Love, Kim

(Kim was a year older than me: a junior. Thus, I was quite awed by her. I thought she was quite mature and knew all of the answers to life's greatest mysteries, like how boys think.)

Nancy, you're such a sweet girl. Biology has been pretty interesting, especially the pig! When you think of pigs, think of me.
Love, Colleen

(Sophomore year was the year we dissected a fetal pig in biology class. It was disgusting. I was traumatized for years by the sight and the smell.)

Eleventh Grade:

Nancy! You definitely made comparative religion class interesting and entertaining! Also, I thank you for correcting my note to Jenny, and all of my other papers. Can't wait 'til we go the Beach Boys concert!
Love ya, Amy

(Oh dear, I was a copy editor even back then! Ugh. And yes, we had a blast at the Beach Boys concert!)

Dear Nancy:
Can't believe junior year is finally coming to a close. Next year we will RULE the school!
Love, Kristie

(Oh, the sheer joy of ruling the school! I miss those days! LOL)


Hey Nancy:
You wild woman you! It's been great loungin' on the couch with you. Hope to see you in the Detroit News one day as a famous reporter! Have a wild 'n crazy summer!
Luv, Heather
P.S. Call me

(Okay, first of all, I was not a "wild woman." Second of all, a "wild 'n crazy summer" was never in my future. Heather was a little wild 'n crazy herself.  However, I did freelance for the Detroit News in the late 1990s: a dream come true!)

Dear Nancy:
Remember me every time you eat strawberry pie and go to Big Boy.  Good luck at Michigan State. I can't believe we graduated.
Love, Renee

(I will never forget those plaid polyester uniform skirts: freezing cold in the winter and hot in the spring.)

Dear Nancy:
You are a really sweet girl. I know people say that just to take up space but I truly mean it. Good luck at MSU. Give me a ring and I'll come up and visit sometime. Good luck with your boyfriend, too.
Love, Rachel

(This one makes me laugh. Rachel wished me good luck with my boyfriend, and guess what? I married him four years later!)

Tuesday, May 22, 2012

My Love/Hate Relationship With Flip-Flops

What an ugly pair of shoes.

It's time to go digging through the archives. Some of you may recognize this little piece I wrote two years ago. It has absolutely nothing to do with St. Therese, Catholicism, children's books, or Neil Diamond. But that's okay. Oh, and a side note: Don't wear flip-flops to Home Depot. Let's just leave it at that, folks.

It's flip-flop season.

But isn't it always?

I mean, do flip-flops ever hibernate for the winter? Not really; not even here in Michigan. I see them all year 'round. I think people just pine for warm weather and flip-flops make them feel better mentally. As long as they're in their toasty family rooms, they can pretend they're on a tropical island instead of in the middle of a winter storm warning.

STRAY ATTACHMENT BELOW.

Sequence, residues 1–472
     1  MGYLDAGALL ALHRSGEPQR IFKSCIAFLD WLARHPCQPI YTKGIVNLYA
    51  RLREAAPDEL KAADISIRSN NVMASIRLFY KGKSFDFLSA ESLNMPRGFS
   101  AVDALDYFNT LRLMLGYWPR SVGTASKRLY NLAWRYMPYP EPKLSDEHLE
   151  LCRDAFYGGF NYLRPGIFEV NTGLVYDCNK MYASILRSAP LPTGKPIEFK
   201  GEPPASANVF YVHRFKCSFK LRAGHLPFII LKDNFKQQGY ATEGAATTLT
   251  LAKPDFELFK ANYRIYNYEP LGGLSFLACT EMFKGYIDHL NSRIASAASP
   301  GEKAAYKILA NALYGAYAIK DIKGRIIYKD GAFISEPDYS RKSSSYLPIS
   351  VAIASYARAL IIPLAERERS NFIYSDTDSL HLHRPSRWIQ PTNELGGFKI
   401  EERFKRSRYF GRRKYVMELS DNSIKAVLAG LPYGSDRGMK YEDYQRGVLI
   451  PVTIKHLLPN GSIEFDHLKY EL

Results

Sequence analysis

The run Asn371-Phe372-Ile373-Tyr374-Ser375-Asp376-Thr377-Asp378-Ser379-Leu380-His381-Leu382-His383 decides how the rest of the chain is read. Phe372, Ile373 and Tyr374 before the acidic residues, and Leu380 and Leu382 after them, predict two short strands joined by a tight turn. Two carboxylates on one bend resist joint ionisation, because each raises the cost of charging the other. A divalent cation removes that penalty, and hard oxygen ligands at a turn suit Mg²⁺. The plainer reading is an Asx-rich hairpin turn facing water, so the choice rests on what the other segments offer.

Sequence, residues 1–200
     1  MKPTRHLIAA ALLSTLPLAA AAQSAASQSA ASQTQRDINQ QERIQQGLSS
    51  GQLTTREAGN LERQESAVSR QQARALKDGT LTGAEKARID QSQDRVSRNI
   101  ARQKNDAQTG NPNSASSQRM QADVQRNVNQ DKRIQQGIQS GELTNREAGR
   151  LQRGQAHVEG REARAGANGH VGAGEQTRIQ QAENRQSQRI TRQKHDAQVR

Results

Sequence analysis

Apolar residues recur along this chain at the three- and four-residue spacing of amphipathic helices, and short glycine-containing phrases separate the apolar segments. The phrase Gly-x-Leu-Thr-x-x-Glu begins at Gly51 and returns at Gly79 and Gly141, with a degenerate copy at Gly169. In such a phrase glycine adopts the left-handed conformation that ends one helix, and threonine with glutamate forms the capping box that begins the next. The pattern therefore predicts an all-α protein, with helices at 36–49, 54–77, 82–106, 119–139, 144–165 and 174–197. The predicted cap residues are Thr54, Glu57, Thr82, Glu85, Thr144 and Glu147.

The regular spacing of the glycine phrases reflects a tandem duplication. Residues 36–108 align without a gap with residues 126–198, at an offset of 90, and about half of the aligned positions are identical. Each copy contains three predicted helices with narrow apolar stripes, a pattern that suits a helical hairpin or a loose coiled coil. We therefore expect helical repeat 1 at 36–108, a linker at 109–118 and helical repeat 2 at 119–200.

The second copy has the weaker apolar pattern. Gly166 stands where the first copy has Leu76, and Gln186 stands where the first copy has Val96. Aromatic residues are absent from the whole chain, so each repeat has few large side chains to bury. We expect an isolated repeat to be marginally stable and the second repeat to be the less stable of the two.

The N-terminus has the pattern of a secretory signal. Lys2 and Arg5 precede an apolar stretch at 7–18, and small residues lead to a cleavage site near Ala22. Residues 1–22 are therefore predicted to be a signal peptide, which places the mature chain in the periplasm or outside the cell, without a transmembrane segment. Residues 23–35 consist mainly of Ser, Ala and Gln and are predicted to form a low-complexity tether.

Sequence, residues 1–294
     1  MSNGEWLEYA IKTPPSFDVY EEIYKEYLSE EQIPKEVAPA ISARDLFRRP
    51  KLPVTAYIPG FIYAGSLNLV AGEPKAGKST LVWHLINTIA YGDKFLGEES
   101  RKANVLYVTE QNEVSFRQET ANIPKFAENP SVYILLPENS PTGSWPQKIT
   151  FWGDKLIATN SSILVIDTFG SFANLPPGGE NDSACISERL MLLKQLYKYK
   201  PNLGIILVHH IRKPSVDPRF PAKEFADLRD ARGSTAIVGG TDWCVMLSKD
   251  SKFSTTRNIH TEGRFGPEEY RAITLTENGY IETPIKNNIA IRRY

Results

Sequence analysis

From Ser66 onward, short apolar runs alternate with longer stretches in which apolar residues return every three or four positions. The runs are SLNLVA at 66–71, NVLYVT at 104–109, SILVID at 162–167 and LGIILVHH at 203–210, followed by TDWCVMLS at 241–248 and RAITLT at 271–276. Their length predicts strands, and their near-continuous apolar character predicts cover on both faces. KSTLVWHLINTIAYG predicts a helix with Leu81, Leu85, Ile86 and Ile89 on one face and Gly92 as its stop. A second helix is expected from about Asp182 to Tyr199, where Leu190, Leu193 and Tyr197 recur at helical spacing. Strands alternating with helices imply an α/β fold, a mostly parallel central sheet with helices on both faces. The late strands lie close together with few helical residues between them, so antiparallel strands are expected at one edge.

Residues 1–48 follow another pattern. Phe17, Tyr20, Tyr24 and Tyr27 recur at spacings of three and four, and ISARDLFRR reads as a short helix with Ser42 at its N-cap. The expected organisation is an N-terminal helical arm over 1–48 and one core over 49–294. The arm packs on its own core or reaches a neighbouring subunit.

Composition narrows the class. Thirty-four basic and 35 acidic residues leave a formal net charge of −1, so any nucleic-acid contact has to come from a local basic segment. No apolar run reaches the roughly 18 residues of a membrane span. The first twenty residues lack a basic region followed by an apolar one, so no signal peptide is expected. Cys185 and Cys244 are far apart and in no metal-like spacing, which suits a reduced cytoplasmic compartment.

Flip-flops, with their ugly rubber toe-thingy and flat foamy sole, have been around for a long time, but for the past few years, they've been a fashion staple, it seems. Before, you used to see them only at the beach or the pool. No one would be caught dead wearing them anywhere else. That would just be...ew.

Now, they're flapping up and down at the mall, school, nice restaurants, Target, airplanes, church...even the White House. There's nowhere, it seems, where the mighty flip-flop isn't welcome. Getting married? Get a white pair and dress 'em up. Time for Sunday Mass? Slip 'em on and you're good to go.

I have a love/hate relationship with the flimsy flip-flop.

As a copy editor, I'm against them for the hyphen.

As a mom, I'm against them because when little children play in them outside instead of sturdy tennis shoes, accidents are bound to happen. I am sure the folks who make Band-Aids have seen a rise in sales ever since parents started to allow their children to wear them to the playgrounds, parks and backyards of America. Bike riding in flip-flops? Running on the cement in flip-flops? Bad ideas. Someone's going to crash and burn. Hello, scraped-up toes, elbows, knees, and faces.

After all, Jimmy Buffett blew out his flip-flop...and we all know what happened after that. After stepping on a pop top, he cut his heel and he had to cruise on back home. I am sure his day was ruined. Accidents happen to the best of us.

But there is no doubt that they come in handy when you're heading out to the mailbox, to check on your flowers and pick a tomato, or to hang out on the patio.

Here's the thing: In my opinion, flip-flops are the bottom of the barrel, if you will, of the shoe industry. When I put on a pair of flip-flops to head out somewhere other than the beach, the pool, or the mailbox, I'm telling the world, "I give up. I just don't have the energy to care what's on my feet. This is the best I can offer you."

And can I just say that the slap-slap-slap of a flip-flop is really annoying, especially on your way up to the altar to receive the Eucharist in church? There's a lack of respect there, when you don a pair of flip-flops to go to Holy Mass. Surely we can do better than to wear flip-flops to the house of God.